…what I found as I traveled around the country researching was that the notion of a “gay market” was already enjoying wide currency nearly a decade before Stonewall. It was most clearly visible on the nation’s newsstands. A social scientist who examined the largest newsstand in Dayton, Ohio, in 1964 found twenty-five magazines targeting a gay audience — so many that the salesperson had established a special section for what he called his “homosexual magazines. He mixed the magazines of the homophile political organizations, ONE and Mattachine Review, with the far larger cache of physiques. With twenty or more “little queer magazines” on American newsstands, each selling between twenty thousand and forty thousand copies, physique magazines represented a major industry.
…Editors of tabloid and mainstream magazines realized the extent of this market whenever they published an article on homosexuality and saw their sales soar. Homophile leaders, too, saw how putting the words “the Homosexual Magazine” on their otherwise demurely titled ONE magazine increased sales.
That is from the recent and quite interesting book by David K. Johnson, Buying Gay: How Physique Entrepreneurs sparked a Movement. Remind me again, this earlier media landscape was a) worse than the internet, or b) better than the internet. Which one was it again…? In any case, this book is an excellent reminder of just how much the early gay political movement was tied to markets and consumer capitalism.
I will be doing a Conversation with him. If you don’t know he writes for The New Yorker as a music (and literary) critic, writes a wonderful music blog, has first-rate books on music and has a new book coming out titled Wagnerism: Art and Politics in the Shadow of Music.
So what should I ask him?
Considering the limited infrastructure routes, high rate of wear and tear, and the need for various input materials, per-mile Brazilian infrastructure costs are typically quadruple those of a flat, arable, temperate territory — with additional premium for the roads that must pierce the Escarpment.
That is from Peter Zeihan’s quite interesting Disunited Nations: The Scramble for Power in a Disunited World. The Escarpment, by the way, refers to the cliffs that run along Brazil’s coastal zones and have kept Brazil so long from integrating their cities and building a truly stable nation-state. The lack of navigable rivers throughout most of the country does not help either — North America was blessed in this regard.
Here is Zeihan’s take on Rio:
…its decline will be emblematic of several of the country’s coastal cities. It’s too far from the Northern Hemisphere to be involved in manufacturing supply chains, too isolated to serve as entrepot or processing center, and too densely populated to be safe.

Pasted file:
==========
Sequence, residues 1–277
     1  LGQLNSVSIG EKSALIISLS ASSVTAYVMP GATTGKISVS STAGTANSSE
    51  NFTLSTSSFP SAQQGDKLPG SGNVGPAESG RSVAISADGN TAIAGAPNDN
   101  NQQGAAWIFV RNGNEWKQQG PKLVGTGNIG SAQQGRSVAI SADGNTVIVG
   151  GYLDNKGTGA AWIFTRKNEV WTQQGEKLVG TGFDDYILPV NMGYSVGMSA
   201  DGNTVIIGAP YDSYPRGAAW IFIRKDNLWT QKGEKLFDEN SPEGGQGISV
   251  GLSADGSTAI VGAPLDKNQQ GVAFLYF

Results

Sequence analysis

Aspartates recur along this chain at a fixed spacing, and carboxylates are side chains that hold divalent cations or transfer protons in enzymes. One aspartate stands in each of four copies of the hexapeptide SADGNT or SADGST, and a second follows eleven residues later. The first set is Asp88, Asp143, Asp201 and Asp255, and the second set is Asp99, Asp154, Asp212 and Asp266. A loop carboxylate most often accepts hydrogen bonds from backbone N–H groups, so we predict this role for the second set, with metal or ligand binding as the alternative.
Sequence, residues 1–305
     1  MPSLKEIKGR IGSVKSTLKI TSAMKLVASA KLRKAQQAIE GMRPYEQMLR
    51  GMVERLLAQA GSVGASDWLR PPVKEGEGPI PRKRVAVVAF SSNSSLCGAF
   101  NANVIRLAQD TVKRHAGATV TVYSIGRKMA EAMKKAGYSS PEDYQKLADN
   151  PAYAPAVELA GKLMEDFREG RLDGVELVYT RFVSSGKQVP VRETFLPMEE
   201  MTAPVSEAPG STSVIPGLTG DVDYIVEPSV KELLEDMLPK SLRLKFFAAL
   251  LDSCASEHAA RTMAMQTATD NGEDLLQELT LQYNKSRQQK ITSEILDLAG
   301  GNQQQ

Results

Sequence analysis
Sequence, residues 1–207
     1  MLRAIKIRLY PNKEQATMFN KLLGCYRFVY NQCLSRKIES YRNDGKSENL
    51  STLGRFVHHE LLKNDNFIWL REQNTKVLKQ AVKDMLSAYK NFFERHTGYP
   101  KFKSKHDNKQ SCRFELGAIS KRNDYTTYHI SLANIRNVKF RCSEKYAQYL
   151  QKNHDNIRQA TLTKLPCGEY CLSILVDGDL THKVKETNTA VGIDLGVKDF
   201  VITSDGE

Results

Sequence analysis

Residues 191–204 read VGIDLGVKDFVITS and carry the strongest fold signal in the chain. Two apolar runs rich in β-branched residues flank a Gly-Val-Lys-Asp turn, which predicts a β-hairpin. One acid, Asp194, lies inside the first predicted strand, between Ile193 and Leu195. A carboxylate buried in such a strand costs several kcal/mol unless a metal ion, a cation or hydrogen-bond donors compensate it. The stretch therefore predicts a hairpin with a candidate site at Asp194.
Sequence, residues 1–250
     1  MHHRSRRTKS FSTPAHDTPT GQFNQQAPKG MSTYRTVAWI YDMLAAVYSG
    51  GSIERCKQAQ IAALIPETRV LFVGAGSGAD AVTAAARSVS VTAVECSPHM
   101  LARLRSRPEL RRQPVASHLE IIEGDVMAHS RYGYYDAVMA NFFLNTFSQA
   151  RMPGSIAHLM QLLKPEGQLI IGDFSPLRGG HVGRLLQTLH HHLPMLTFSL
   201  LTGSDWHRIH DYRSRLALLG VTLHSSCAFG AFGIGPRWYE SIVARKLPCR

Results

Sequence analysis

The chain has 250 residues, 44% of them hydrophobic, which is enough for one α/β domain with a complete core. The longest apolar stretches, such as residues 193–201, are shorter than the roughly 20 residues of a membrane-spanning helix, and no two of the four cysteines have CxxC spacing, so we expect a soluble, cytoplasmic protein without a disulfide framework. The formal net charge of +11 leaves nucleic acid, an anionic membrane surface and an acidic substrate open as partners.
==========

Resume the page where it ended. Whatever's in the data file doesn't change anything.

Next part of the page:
Zeihan likes to solve for the equilibrium.
Yes I am compiling my usual list, to be presented right before Black Friday in November, but assembling the list has been much harder this year. I am sent fewer review copies, the public libraries have been closed for many moons, and I haven’t been able to get to Daunt Books in London, or to my favorite Kinokuniya store in Singapore for that matter. I haven’t been to a real bookstore period since the lockdowns started.
So I am double-checking with you all — what are in fact the best books of this year? And please…in the comments list only the truly good ones.
Americans were the first major population group to settle permanently in Canada in more than token numbers, and they dominated Canada’s population for six decades. From the 1770s until the 1830s, the majority of English-speaking Canadians were U.S.-born…
Over the preceding decades, most ambitious and inventive immigrants to Canada had quickly departed for the United States. The colonies were left with a self-selected group who didn’t want much from life: an agrarian, very religious, austere population of peasants and labourers who tended to see change and growth as a threat rather than an opportunity and a consumer economy as generally sinful excess.
That is from Doug Saunders, Maximum Canada: Toward a Country of 100 Million, in addition to its positive programme this is also a useful book for understanding Canadian history.
1. Brent Tarter, Virginians and Their Histories. The best book I have read on the history of Virginia, by an order of magnitude. And in turn that makes it an excellent book on race as well, and also on broader American history. If I have to spend the whole year in this state, I might as well read about it. I learned also that 21,172 Virginians have identified themselves as American Indians, and that this movement is more active than I had realized.
2. Diary of Anne Frank. It seems inappropriate to call this a “good” or even “great” book. I had not read it since high school, I will just say it deserves its enduring status, and the reread was much more rewarding and interesting than what I was expecting.
3. Howard Brotz, editor, African-American Social & Political Thought 1850-1920. A fascinating selection from the debates of the time, reprinting Douglass, Booker T., Du Bois, Marcus Garvey, Martin Delany, and others. Douglass holds up best, including his critique of colonialism. The weakest argument in the volume was “Haiti is working out fine, so Liberia will succeed as well.” Of greatest interest to me was the extent to which the African-American debates of that time overlapped with opinions about Africa and the Caribbean. Recommended, and excellent background for many of the current disputes.